Since the tragic death of The Cranberries‘ Dolores O’Riordan was announced yesterday (January 15), tributes have poured in from artists including U2, Duran Duran and Paramore. Though their commercial success in the ’90s was obvious – ‘Linger’, ‘Dreams’ and of course ‘Zombie’ came from their multi-platinum first couple of albums – younger listeners might have been brought into the Cranberries fold by a more subtle method: soundtracks.
Last week, Lana Del Rey tweeted that she was being sued by Radiohead, but Radiohead’s publishers have said this isn’t the case. So what’s going on? Here’s a helpful timeline. Radiohead release the single ‘Creep’. Comparisons are drawn between it and The Hollies’ 1972 song ‘Air That I Breathe’. Radiohead release debut album ‘Pablo Honey’, on which ‘Creep’ is featured.
Maybe you think you’ve seen every possible variation of the Star Wars ‘Cantina Theme’ worth its salt. Maybe you think novelty covers are lame. In most cases, you’d be correct – but not this time. This time, you need to put your faith in the internet and watch the below video of someone using a pencil and paper to write a mathematical equation that perfectly matches the rhythm and flavour of the Star Wars ‘Cantina Theme’. If you’re a Star Wars fan, you’ll find it a total joy.
Muck Rack makes it simple to find people, tweets, or articles that mention any name, keyword, company, hashtag etc. We've compiled this guide to help you make the most of your search.
Selecting a term
Start searching tweets, articles from media outlets, articles mentioned in tweets, journalists'
names, titles and bios with some suggested searches:
Companies or Topics (e.g. iPhone, Microsoft)
Phrases (e.g. "cloud computing") — use quotes to keep the terms together
Twitter handles (e.g. @username) — returns those who have mentioned or replied to
Names (e.g. "David Pogue")
Hashtags (e.g. #sxsw, #london2012)
Bio details (e.g. vegan, Olympics, father)
Muck Rack's Advanced Search allows for many boolean operators.
Find results that mention multiple specified terms, use AND or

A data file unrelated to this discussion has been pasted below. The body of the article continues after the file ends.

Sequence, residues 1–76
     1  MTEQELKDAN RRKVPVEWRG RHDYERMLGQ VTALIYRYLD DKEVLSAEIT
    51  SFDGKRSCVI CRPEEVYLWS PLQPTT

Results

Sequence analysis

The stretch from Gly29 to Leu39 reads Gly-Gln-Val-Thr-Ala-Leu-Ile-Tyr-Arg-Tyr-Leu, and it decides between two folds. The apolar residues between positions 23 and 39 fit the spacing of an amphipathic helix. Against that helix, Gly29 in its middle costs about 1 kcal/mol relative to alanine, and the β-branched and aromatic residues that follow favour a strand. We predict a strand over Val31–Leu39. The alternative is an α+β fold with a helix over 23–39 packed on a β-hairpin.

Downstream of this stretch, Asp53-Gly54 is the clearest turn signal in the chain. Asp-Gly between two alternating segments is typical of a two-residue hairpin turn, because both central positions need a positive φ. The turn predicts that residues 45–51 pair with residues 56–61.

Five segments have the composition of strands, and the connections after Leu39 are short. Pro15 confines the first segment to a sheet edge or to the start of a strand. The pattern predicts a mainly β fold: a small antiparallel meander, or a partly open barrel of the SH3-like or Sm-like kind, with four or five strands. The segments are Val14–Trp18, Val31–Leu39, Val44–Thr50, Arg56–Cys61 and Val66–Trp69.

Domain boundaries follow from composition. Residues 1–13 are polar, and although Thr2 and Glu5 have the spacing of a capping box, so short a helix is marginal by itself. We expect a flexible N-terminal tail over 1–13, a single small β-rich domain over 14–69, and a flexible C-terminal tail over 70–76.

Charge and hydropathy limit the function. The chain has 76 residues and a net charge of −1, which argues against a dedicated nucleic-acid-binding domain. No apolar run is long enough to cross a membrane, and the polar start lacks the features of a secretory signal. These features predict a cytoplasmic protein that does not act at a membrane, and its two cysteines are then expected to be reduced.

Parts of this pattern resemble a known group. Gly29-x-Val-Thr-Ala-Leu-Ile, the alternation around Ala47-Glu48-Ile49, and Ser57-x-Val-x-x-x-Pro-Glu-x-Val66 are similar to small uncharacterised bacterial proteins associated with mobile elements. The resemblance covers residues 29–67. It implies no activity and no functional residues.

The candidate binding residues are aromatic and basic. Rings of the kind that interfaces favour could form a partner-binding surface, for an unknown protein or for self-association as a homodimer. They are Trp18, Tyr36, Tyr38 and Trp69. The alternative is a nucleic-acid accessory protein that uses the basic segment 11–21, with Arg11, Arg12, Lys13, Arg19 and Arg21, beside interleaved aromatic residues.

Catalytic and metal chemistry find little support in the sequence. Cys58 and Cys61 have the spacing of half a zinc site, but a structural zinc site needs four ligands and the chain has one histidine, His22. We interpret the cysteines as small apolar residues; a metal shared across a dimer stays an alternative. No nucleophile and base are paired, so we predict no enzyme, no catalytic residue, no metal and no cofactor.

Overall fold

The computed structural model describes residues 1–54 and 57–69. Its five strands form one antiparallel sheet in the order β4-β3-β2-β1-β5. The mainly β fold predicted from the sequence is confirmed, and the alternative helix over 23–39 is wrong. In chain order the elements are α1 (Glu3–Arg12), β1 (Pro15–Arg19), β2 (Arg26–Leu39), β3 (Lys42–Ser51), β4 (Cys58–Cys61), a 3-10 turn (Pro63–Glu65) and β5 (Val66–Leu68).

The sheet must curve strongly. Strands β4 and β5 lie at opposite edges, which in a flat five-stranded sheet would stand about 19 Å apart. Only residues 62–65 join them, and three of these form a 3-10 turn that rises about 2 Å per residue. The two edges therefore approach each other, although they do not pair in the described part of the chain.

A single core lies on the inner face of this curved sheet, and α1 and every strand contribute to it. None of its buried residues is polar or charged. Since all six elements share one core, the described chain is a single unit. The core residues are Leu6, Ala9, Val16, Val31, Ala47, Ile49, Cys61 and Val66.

+. For example, ensure each result contains both Elon Musk and Mark Zuckerberg by
searching Musk AND Zuckerberg or Musk + Zuckerberg.
Use the operators OR or , to broaden your search when you'd like either of
multiple terms to appear in results. (This is the default behavior of our search when no operators
are used). For example, results will contain either cake or cookie by searching cake OR cookie or cake,cookie
Use NOT or - to subtract results from your search. For
example, searching Disney will yield results about the Walt Disney Company as well as Walt Disney
World Resort. To exclude mentions of Disney World, search for Disney -World or Disney
When using one of these operators with a phrase, enclose it in quotation marks. For example, you can
find results about smartphones excluding Apple's iPhone 4S by searching smartphone -"iPhone
Exact case matching or punctuation
If you're searching for a brand name or keyword that relies on specific punctuation marks or capitalization, you can
find results that match your exact query by adding matchcase: before the keyword you're searching for, like matchcase:E*TRADE .
Use parentheses to separate multiple
boolean phrases. For example, to find journalists talking about having fun in Disney World or
Disneyland, search for ("disney world" OR disneyland) AND fun.
An asterisk can be used to search for any variation of a root word truncated by the asterisk. For example, searching for admin* will return results for administrator, administration, administer, administered, etc.
A near operator is an AND operator where you can control the distance between the words. You can vary the distance the near operation uses by adding a forward slash and number (between 0-99) such as strawberries NEAR/10 "whipped cream", which means the strawberries must exist within 10 words of "whipped cream".